Is this the modernization or “monetization” of the zoning code?
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The City and its development offices have been working to overhaul the zoning code since 2021, but some local housing advocates say City officials made the changes “blind” in some respects, after they decided not to use area and neighborhood land use plans as guides.

Zone In Columbus” – which was formally voted into existence Monday night by City Council – could radically change Columbus’s major corridors as the region continues to experience population growth with some estimates saying nearly 90 new residents a day are moving here.

But a few critics say “Zone In Columbus” is mostly about building taller apartment buildings with no parking options in these major corridors so to create more density. For example, “Zone In Columbus” states Clintonville and its High Street corridor are being “underutilized”.

Everyone knows that area of High Street is coveted for its uniqueness and charm, and most of Clintonville isn’t calling for 16-story condo high-rises whether they’re Not-in-my-backyard (NIMBYs) or not. Now concerned residents have asked on social media if the zoning code is being “monetized” and not “modernized,” as the City contends, so to appease developers?

“I am adamantly opposed to any of these ugly apartment buildings on what remains of residential High Street in the Whetstone area,” wrote one resident on Facebook. “I notice that the Mayor doesn’t include any of these where he lives.”

Area and neighborhood land use plans, put succinctly, are blueprints of what a neighborhood desires to be. According to the City, there are 51 such plans for Columbus, such as the Scioto Southland Area Plan. Other area plans include the Hilltop Land Use Plan and University District Plan. And when someone files for a building permit or a zoning variance, the area and land use plan needs to be adhered to.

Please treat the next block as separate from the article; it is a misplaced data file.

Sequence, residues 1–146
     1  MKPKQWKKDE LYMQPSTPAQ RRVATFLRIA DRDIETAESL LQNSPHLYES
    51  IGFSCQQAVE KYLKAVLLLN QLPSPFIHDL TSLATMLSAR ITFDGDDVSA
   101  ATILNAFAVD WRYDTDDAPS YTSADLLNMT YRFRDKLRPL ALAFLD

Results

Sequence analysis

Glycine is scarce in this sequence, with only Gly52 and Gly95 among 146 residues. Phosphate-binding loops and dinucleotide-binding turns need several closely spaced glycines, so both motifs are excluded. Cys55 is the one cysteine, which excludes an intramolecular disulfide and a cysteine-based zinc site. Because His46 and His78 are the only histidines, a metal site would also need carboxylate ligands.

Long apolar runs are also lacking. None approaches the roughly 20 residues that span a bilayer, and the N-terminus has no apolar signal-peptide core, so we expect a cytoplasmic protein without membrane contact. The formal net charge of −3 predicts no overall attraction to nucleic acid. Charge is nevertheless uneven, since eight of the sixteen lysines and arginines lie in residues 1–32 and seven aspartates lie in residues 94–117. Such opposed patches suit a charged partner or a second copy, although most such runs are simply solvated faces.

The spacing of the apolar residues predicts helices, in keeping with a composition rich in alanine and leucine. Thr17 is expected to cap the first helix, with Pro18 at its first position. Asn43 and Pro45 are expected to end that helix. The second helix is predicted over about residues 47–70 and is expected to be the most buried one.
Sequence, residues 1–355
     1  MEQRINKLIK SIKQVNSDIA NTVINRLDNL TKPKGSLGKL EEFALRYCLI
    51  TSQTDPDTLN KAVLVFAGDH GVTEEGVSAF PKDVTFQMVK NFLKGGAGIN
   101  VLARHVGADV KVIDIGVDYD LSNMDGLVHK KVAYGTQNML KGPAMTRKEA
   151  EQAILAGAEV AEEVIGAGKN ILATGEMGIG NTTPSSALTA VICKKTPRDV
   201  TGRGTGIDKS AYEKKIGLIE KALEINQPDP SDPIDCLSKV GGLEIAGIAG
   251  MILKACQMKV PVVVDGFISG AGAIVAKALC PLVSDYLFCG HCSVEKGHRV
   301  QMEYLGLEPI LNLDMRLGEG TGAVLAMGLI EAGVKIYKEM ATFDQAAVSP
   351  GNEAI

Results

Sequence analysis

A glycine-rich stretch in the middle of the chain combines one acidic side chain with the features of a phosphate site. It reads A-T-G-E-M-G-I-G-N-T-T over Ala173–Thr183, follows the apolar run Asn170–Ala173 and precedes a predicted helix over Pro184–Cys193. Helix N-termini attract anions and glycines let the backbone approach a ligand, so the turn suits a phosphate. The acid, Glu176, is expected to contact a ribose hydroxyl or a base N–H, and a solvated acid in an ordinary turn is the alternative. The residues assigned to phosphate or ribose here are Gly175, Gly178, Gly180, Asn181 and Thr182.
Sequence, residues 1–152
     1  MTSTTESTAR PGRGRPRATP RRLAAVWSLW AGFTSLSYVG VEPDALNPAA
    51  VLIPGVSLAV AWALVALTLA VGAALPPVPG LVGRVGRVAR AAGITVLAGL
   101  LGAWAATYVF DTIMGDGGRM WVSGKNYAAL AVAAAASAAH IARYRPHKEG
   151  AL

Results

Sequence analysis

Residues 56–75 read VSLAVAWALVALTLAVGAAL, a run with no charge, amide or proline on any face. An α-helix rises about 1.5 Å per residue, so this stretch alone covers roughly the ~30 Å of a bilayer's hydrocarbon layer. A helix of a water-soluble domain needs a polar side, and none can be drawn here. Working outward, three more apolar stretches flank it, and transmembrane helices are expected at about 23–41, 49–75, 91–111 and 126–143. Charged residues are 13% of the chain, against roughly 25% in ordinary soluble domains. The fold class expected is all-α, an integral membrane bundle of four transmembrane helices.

Two years ago, City officials approached an unknown number of area commissions and civic associations telling them their area and neighborhood land use plans were out of date and needed updating so to help those who are working on “Zone In.” The Scioto Southland Plan hadn’t been updated since 2007 and was still recommending that Blockbuster Video stores was a good thing for Far South Side.

Bruce Miller, president of the Scioto Southland Civic Association, recalls how City officials approached him, saying, “While we are creating Zone In, can you update your area plan? And at the end of this process, everything will work as a complete package.”

Some area commissions and civic associations began holding community meetings together as both groups must work with each other to update any area land use plan, as dictated by City protocol.

But then the Department of Neighborhoods told these area commissions and civic associations that the Department of Building and Zoning Services wanted them to stop updating their land use plan at once, recalls Miller, and that the area plans will be updated after “Zone In” is approved by City Council and put in motion. At that time, Miller was also a commissioner with the Far South Columbus Area Commission, but recently resigned after being subjected to too much retaliation from City officials after trying to raise awareness about “Zone In.”

“My instinct is telling me, quite frankly, this has not been well thought out,” says Miller, “they are rushing the process to get through, that they really do not want public input, and they have set a goal that ‘we want to build as much housing as possible’ and that they are listening to the building industry.”

Indeed, public input so far has been sparse. In a press release for Zone In, the City stated “thousands” were engaged. But the City’s own numbers suggest only around 10,000 residents out of 960,000 responded to surveys or attended community events.

 “A horrible data pool to draw from,” says Miller.

Miller in many ways has taken it upon himself to alert hundreds on the South Side to “Zone In”. Especially after a City official told him the Great Southern Shopping Center may someday become the next “Short North.” His Scioto Southland Civic Association has held three meetings about “Zone In” where over 1,100 residents attended.

“No one in my area has said they are against re-zoning, or progress, or redesigning areas that need updates, or reconstruction, or repurposing buildings that are vacant or blighted,” he says. “People aren’t upset about that. What they are upset about is, where are we going to shop? If we eliminate parking or significantly reduce parking, how are we going to get from point A to point B? Where are we going to get our education? And that’s not just for new residents, but for existing residents. And the answer that is usually given [by the City], is that the services will catch up after five to 15 years after we build it.”

Miller continued, “And no one will answer this one simple question: Are we setting up these new residents to fail?”

Some welcome news on the City’s part is they have opened a gallery six days a week at 141 N. Front St. during Zone In Columbus’s public comment period. Tours and appointments are available from April 9 through June 7. The City is also asking for questions by email at  or you can call at 614-645-5343.

The hope is that this public comment period will result in concerned residents being heard and having their questions addressed and acted upon.